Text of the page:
My first camp in the true African bush went well. I had all my limbs in the morning and I slept soundly. That is after I put earplugs in, before that every rustle of the wind woke me up.
The ride today was pretty much as the rest of Senegal; hot and dusty. There has been a gradual change from salt production and green trees near the coast to charcoal production and more arid conditions inland.
Right from the start of the ride there were soldiers every 1km or so, more in the towns. At one town as was told to go around the dirt tracks at the back because. .. yes the president is coming (again). I turned left and took the first right, no point in going too far out of my way. Ahhh… The market is in full swing on a road crossing my path. After much confusion, chaos, and moving of donkeys, market stalls and wares, I was on the other side. In the next town i was forced to the side of the road by the presidents motorcade going the other way. Including am ambulance.
My plan for the day was to reach the Mali border. I did not think I would be able to cross until Monday as I needed a visa. I arrived at the border and followed the road passing hundreds of lorries waiting to cross. At the end was a single fixer waiting for me. I asked if i could get a visa here today? Yes, no problem, so 1/2 hour and 45,000 (45 pounds) later I was in Mali!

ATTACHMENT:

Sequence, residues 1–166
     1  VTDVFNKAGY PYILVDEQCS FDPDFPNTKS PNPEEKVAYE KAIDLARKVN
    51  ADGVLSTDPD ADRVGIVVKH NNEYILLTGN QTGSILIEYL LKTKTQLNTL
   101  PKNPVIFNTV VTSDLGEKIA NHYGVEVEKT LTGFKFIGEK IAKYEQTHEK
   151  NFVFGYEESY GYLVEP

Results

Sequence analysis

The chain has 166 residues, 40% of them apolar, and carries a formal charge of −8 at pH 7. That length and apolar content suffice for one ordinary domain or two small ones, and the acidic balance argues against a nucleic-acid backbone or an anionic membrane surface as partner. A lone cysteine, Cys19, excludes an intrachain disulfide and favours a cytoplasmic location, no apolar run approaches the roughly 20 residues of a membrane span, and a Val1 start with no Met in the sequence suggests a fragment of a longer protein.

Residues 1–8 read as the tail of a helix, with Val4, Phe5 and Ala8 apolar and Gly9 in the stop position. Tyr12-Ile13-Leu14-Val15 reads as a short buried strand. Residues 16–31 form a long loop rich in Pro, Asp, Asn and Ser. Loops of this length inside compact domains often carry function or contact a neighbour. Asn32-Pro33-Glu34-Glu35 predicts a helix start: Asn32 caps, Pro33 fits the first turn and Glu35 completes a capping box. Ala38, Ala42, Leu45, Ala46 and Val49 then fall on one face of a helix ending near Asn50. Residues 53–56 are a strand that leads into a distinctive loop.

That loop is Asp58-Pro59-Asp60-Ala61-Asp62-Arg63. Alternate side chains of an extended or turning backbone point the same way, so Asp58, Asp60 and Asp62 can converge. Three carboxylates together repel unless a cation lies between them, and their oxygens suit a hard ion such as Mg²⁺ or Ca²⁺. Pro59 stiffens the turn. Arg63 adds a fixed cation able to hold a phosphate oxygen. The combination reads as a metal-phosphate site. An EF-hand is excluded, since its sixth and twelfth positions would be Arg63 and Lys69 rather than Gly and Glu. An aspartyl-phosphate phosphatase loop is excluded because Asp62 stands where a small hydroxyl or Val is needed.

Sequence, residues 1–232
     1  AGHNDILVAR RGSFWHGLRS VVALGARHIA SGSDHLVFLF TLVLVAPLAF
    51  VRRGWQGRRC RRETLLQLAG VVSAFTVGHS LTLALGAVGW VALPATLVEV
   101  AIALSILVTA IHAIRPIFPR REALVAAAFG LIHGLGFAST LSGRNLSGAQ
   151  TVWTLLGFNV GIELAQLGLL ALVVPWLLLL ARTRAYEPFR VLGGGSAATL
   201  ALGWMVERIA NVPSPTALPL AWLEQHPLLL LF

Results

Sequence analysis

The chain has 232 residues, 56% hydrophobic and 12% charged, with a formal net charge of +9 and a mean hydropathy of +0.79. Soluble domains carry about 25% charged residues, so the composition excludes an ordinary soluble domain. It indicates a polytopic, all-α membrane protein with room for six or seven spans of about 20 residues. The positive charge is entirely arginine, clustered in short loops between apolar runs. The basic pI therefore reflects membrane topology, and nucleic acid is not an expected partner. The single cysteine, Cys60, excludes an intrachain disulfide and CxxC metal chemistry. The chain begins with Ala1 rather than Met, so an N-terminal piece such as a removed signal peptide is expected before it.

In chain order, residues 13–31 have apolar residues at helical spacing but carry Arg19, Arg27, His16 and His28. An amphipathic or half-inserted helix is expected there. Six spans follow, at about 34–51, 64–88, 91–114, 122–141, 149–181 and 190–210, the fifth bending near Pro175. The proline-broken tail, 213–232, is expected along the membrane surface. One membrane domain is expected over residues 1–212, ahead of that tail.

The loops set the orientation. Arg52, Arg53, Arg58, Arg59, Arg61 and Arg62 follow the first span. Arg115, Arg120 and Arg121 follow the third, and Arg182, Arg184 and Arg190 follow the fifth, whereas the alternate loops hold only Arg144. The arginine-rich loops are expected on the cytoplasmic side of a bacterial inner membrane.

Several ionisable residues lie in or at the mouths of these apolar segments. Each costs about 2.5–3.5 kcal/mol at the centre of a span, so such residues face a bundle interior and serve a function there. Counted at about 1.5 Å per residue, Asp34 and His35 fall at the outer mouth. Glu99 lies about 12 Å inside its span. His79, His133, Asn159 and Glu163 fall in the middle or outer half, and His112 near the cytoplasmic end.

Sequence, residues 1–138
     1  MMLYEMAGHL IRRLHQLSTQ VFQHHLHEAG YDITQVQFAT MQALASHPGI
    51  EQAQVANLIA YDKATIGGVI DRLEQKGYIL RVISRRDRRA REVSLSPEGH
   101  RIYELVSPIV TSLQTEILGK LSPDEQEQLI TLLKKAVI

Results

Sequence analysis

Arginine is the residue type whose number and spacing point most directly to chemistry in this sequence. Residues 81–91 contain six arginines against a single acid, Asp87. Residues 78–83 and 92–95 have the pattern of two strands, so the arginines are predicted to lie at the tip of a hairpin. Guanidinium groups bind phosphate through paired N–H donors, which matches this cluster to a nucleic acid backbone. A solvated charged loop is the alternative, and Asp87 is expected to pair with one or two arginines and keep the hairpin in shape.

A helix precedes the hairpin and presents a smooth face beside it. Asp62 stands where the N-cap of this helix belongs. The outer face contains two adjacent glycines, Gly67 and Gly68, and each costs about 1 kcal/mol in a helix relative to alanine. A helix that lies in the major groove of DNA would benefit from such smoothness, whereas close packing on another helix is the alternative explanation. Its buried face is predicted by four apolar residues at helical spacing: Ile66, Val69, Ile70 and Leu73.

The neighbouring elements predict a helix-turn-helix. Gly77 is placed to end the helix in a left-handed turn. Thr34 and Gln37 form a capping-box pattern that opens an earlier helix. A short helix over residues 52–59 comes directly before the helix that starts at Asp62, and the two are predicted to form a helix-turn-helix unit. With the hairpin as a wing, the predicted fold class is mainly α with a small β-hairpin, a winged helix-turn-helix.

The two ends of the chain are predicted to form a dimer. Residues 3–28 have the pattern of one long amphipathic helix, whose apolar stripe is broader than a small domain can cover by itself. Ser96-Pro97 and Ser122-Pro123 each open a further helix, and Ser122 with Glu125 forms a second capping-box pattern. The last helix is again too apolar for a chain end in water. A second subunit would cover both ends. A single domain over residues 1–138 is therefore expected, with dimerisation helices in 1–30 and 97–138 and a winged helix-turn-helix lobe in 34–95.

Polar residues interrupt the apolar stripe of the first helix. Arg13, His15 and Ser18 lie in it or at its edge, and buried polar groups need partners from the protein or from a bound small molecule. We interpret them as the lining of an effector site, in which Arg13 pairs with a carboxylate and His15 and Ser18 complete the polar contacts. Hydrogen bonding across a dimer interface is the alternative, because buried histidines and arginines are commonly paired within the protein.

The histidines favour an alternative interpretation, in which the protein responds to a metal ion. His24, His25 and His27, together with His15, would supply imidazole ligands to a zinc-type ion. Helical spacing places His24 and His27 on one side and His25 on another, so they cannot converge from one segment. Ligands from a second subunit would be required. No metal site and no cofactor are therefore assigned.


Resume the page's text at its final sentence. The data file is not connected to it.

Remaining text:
I thought Senegal was hot. . Mali is hotter, over 45 degrees C. I stopped for a while under the shade of a tree to offload and reload liquid and then onto the first town.
Mali has problems in the North of the country, just today two UN peacekeers were killed, I am in the South but even so, camping is not a good idea. So i am in an air conditioned hotel, had pizza and beer for dinner, hot shower and WiFi and will still have change from ┬ú50.
Tomorrow I have a nearly 500km ride to Bomako , the capital and stay in a hotel ready for Monday when I hope to get my next visa for Ivory Coast